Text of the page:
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j2me Midlet Verification/Validation Problem

Hello all,

Lets examine the following scenario:
I have developed a Midlet, i have digitally Signed with a CA, and i am installing it in a Handset.
lets say that a hacker have managed to:
(1)find the src code of my midlet
(2)modify the code according to his needs but make it looks same with mine
(3)remove the signed midlet from the handset, and install his malicious "clone" Midlet.

The questions are:
(a)How the user can know that the midlet that he is launching is signed Midlet and NOT one that it is NOT signed?
(b)Is there another way that the user can check (Options perhaps?) that the Midlet is Digitally Signed?
(c)Can be done this with code on a signed Midlet? Namely to show to user that the midlet that he is using is
   signed and not a malicious one OR this is NOT so secure?
(d)For Nokia6500 and for an UNSigned Midlet when i use Options->Details i can see Name,Size,Creation Time,Version,Vendor,Certificate of the Midlet.
   Is there a way that a malicious user or program to make an UNSigned Midlet look secure?(namely to show that certificate is valid)

Thank you very much!

NiKolaos
0
deathstar641
Asked:
deathstar641
3 Solutions
 
MicheleMarconCommented:

All you can do is go to

www.verisign.com

and buy a "Code signing" signature.

0
 
girionisCommented:
a) I think if the midlet is signed the user will be prompted with a popup window when tries to acees restricted APIs.
b) You can but this depends heavily on the mobiel device you are using. For Nokia devices you can do something like this: http://wiki.forum.nokia.com/index.php/Java_ME_FAQ#I_signed_my_midlet_with_a_Verisign.2FThawte_and_it.27s_not_installing_on_device_X.2C_what.27s_wrong_with_it.3F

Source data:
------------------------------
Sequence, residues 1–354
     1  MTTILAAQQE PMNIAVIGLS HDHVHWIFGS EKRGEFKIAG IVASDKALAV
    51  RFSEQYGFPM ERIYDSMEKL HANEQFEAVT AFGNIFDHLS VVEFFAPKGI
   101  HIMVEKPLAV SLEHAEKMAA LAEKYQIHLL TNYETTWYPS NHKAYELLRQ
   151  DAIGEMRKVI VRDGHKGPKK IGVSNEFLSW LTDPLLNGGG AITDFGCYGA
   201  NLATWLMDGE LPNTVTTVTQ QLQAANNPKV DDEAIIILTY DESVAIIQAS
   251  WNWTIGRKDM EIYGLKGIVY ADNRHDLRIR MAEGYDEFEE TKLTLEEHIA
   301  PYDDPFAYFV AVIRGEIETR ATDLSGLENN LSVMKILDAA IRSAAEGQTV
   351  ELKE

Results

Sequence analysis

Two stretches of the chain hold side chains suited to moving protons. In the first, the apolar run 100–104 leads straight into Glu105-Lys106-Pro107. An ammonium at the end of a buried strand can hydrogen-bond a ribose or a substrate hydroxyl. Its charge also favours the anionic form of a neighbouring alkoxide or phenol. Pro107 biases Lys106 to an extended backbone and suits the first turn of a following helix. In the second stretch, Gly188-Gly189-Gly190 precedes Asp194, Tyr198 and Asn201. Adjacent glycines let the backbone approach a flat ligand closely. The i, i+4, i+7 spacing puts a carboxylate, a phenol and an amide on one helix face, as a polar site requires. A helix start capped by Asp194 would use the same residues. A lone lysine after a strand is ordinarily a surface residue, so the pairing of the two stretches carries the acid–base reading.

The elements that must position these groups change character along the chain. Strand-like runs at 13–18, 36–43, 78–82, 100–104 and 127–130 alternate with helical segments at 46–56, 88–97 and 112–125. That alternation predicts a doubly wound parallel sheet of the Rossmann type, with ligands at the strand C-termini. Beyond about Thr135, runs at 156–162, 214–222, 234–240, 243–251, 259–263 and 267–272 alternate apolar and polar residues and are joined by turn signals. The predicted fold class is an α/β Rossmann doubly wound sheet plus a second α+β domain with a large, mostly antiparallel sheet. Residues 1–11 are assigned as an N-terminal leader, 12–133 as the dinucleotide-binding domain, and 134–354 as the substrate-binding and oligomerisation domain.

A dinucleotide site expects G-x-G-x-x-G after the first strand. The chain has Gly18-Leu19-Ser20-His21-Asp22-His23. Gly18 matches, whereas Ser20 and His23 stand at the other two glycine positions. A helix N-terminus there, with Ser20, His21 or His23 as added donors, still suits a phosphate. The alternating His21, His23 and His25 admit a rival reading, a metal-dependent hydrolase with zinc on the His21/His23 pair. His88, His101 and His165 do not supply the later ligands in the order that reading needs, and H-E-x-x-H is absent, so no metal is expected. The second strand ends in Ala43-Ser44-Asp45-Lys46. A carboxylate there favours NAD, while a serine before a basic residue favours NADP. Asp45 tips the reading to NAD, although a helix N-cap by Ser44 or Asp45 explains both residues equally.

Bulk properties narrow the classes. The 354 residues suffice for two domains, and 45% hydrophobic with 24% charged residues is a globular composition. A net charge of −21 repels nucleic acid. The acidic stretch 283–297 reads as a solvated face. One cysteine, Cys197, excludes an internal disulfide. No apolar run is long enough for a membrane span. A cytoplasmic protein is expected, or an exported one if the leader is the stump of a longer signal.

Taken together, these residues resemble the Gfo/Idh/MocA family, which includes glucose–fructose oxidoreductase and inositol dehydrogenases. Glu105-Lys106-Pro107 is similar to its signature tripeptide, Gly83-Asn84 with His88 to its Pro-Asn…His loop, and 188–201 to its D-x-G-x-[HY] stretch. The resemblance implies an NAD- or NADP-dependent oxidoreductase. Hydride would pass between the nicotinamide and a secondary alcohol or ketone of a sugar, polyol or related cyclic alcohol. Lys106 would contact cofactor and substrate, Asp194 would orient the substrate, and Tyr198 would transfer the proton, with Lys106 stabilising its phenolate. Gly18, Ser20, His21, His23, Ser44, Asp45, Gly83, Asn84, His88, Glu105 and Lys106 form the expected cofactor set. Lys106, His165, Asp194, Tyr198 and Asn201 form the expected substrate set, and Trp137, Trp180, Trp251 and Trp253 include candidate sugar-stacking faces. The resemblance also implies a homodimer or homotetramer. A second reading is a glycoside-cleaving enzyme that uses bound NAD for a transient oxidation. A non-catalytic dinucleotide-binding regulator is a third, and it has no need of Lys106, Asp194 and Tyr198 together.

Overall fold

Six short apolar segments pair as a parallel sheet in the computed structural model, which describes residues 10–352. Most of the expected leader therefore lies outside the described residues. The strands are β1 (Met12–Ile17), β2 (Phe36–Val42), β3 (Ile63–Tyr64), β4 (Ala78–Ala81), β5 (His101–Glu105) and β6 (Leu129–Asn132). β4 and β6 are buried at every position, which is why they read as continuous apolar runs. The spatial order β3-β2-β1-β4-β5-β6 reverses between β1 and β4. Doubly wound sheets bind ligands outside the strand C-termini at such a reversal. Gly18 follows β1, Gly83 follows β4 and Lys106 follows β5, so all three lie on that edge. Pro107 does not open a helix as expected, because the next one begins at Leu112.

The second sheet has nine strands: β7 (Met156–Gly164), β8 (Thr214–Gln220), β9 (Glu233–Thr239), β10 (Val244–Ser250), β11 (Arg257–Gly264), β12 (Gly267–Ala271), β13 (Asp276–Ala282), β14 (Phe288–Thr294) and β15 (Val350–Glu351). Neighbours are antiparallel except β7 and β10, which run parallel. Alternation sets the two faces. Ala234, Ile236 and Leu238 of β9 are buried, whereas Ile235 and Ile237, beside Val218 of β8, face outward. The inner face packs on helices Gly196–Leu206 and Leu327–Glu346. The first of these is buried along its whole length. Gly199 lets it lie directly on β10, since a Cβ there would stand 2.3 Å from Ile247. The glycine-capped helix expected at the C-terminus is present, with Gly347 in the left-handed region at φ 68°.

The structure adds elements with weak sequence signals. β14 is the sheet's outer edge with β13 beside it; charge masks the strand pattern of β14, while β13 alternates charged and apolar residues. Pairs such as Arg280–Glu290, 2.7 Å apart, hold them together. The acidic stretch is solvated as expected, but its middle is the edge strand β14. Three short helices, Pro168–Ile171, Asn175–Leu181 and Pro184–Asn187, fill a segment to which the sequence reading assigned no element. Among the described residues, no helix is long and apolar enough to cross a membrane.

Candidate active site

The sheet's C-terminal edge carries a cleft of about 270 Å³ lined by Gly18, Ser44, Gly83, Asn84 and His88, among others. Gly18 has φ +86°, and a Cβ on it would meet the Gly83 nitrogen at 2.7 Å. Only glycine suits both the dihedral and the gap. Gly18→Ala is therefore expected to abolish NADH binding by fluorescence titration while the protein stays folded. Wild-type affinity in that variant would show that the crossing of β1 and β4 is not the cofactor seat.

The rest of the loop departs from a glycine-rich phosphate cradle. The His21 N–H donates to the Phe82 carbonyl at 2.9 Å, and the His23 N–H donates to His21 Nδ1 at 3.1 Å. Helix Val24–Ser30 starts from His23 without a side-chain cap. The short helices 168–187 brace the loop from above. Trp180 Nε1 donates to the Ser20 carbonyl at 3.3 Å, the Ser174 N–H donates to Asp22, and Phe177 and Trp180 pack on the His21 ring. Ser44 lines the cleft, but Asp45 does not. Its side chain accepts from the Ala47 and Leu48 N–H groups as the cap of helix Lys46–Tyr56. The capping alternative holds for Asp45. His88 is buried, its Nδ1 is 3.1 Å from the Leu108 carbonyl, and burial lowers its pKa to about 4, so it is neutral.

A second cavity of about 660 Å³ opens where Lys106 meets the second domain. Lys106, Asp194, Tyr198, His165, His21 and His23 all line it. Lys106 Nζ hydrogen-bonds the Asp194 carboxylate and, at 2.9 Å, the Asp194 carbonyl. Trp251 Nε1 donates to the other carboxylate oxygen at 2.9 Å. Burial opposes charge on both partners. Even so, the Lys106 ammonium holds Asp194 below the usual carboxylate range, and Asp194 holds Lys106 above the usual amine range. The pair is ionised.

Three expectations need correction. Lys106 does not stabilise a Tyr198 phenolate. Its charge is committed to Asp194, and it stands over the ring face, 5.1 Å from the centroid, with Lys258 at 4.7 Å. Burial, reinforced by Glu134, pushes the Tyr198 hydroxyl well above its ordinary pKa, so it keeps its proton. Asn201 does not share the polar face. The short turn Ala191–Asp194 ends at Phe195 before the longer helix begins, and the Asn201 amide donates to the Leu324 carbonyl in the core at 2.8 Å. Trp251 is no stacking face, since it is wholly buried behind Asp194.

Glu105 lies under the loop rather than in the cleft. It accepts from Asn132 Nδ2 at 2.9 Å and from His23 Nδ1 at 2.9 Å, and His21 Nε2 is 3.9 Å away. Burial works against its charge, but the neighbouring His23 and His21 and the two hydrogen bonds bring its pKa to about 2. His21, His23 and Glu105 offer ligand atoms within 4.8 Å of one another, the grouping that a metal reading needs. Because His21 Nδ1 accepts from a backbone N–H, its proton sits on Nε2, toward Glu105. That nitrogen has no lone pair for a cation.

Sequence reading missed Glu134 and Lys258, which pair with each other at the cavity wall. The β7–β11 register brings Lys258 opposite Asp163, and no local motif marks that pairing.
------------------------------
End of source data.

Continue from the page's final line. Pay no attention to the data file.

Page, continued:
c) I guess you *could* do that if you read the certificates and iterate through them.
d) I am not sure but I guess there are always ways to hack it.
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keyurkarnikCommented:
a)All standard phones check if a midlet is signed or not. A midlet could be signed by your own certificate or by one of the code signing certificates. As long as the root of the certiifcate chain is in your phone's list, it will treat the midlet as trusted. If the root os your certificate isnt in the phone's list, it will be treated as untrusted (even if its signed)

b)When the user tries to install the application, nearly all phones will show the certificate if its signed. The phone provides the capability of viewing the certificate

c) There is no need to write code for this. The signing is done FOR the code, so you need not put the certificate check inside the midlet. (Even if you do something like that - at installation it will b treated as an untrusted midlet. Only when the program starts will the other things come into effect - which defeats the entire purpose)

d)Unless the certificate is actually valid, it will not be possible to show the certificate as valid. Also, someone would not be able to duplicate your signing certificate as long as you dont give it away.


Note : You could add the certificate into the phone (in the security - Certificates or similar sections). So all the applications signed by that certificate will be valid. But this will require the user to first install the certificate manually
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